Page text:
Two American Medical Association (AMA) researchers recently evaluated the data from the 2016 Physician Practice Benchmark Survey of AMA in order to estimate telemedicine usage among physicians. The AMA’s survey was the first national survey to examine physicians’ telemedicine utilization rates. Upon examining telemedicine use in patient interactions and in consultations with other health care professionals, the researchers found that particular specialties have higher rates of telemedicine utilization than others, and a larger practice size correlated with a higher likelihood to engage in telemedicine.
In 2016, 15.4 percent of physicians worked for practices that utilized telemedicine for patient interactions, which range from e-visits to diagnoses made over store-and-forward methods of transmitting data. The highest telemedicine usage was among psychiatrists and cardiologists to manage chronic disease, and pathologists and radiologists for diagnoses or treatments.
When it came to conferring with other health care professionals, 11.2 percent of doctors worked for practices that used telemedicine in this manner throughout 2016. Emergency medicine physicians, pathologists, and radiologists logged the highest usage rates.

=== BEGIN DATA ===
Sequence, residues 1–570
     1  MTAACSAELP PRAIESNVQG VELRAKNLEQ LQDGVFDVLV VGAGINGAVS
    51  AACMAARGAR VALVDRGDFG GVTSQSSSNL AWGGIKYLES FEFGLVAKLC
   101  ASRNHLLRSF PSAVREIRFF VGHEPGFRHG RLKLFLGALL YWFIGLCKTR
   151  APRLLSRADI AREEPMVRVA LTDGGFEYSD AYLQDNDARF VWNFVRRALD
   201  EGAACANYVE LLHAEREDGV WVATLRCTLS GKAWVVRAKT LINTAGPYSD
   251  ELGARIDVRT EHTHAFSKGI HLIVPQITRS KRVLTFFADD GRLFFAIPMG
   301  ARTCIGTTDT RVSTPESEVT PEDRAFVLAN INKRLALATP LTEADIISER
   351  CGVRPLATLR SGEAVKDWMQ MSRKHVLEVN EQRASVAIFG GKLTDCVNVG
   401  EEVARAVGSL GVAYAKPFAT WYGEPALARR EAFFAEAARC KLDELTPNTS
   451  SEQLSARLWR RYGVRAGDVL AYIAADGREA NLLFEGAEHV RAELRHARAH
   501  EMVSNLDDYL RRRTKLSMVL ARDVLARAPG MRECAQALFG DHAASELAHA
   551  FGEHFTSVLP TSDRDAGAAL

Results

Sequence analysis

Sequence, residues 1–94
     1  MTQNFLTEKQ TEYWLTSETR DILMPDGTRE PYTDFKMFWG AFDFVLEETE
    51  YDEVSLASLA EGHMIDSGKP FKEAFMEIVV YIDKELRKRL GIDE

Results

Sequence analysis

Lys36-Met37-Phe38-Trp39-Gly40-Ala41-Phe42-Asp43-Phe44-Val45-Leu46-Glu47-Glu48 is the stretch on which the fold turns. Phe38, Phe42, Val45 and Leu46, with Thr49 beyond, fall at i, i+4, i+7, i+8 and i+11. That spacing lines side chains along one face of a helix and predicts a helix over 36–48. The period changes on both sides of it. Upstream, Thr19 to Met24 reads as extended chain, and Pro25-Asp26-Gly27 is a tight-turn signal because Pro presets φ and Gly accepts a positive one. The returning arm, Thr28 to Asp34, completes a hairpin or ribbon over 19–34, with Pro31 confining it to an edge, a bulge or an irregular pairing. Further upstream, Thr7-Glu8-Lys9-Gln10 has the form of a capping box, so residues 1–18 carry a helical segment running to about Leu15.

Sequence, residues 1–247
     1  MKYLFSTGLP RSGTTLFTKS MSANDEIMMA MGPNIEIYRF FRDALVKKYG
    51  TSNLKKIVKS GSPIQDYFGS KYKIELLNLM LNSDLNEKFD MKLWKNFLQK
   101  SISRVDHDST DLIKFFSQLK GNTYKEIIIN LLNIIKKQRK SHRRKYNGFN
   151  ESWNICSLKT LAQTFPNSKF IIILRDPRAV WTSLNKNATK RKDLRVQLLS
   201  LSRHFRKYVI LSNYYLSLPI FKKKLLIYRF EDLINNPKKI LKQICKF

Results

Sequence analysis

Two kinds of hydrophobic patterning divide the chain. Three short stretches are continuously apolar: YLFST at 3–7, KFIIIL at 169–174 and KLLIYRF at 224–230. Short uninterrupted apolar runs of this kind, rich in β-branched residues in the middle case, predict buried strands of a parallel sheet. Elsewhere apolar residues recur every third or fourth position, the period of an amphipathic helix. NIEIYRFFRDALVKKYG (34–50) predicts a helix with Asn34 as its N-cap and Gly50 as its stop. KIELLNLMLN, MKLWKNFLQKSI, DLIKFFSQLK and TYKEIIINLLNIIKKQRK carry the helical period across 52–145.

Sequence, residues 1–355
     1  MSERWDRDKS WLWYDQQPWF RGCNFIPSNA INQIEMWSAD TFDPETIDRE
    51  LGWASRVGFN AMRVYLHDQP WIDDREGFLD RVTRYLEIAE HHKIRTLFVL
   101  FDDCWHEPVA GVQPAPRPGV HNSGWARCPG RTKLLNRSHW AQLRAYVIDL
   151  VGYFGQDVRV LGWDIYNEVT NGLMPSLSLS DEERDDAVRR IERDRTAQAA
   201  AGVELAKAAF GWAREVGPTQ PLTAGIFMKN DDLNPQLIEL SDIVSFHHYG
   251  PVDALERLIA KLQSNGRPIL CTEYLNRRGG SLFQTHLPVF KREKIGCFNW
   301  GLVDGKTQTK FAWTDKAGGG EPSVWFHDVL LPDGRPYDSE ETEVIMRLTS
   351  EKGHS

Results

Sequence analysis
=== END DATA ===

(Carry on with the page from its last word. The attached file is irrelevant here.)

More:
Next, the researchers analyzed the characteristics of the various practices. Practices with four or fewer physicians reported the least telemedicine usage—8.2 percent for patient interactions and 3.6 percent for consults. On the other hand, practices boasting at least 50 physicians reported 26.5 percent usage for patient interactions and 22.8 percent for professional consults. Upon comparing solo practices, group practices, and hospitals, the same pattern held true: the fewer the physicians on staff, the lower the likelihood of using telemedicine for both patient interaction and consultations with other health care professionals. The fact that larger practices and and practices not physician-owned had higher telemedicine usage suggests that the financial burden of implementing telemedicine is a serious barrier to its adoption among smaller practices.
Interestingly, in 2016, physicians in nonmetropolitan locations were only slightly more likely to use telemedicine than physicians in urban areas (16.8 percent versus 10.9 percent), and no significant differences were detected in telemedicine usage between states with and without parity laws.
Overall, the researchers concluded that despite changes in regulation and legislation to encourage telemedicine usage, the financial burden of implementation remains a crucial barrier for small and mid-size entities. The beauty of swyMed as a telemedicine platform is its versatility; it can be customized to work with small or large practices, and since it can be paired with existing equipment, the initial outlay becomes significantly less than it would be for a platform with proprietary software and hardware.
To read more about the study, visit the AMA website here.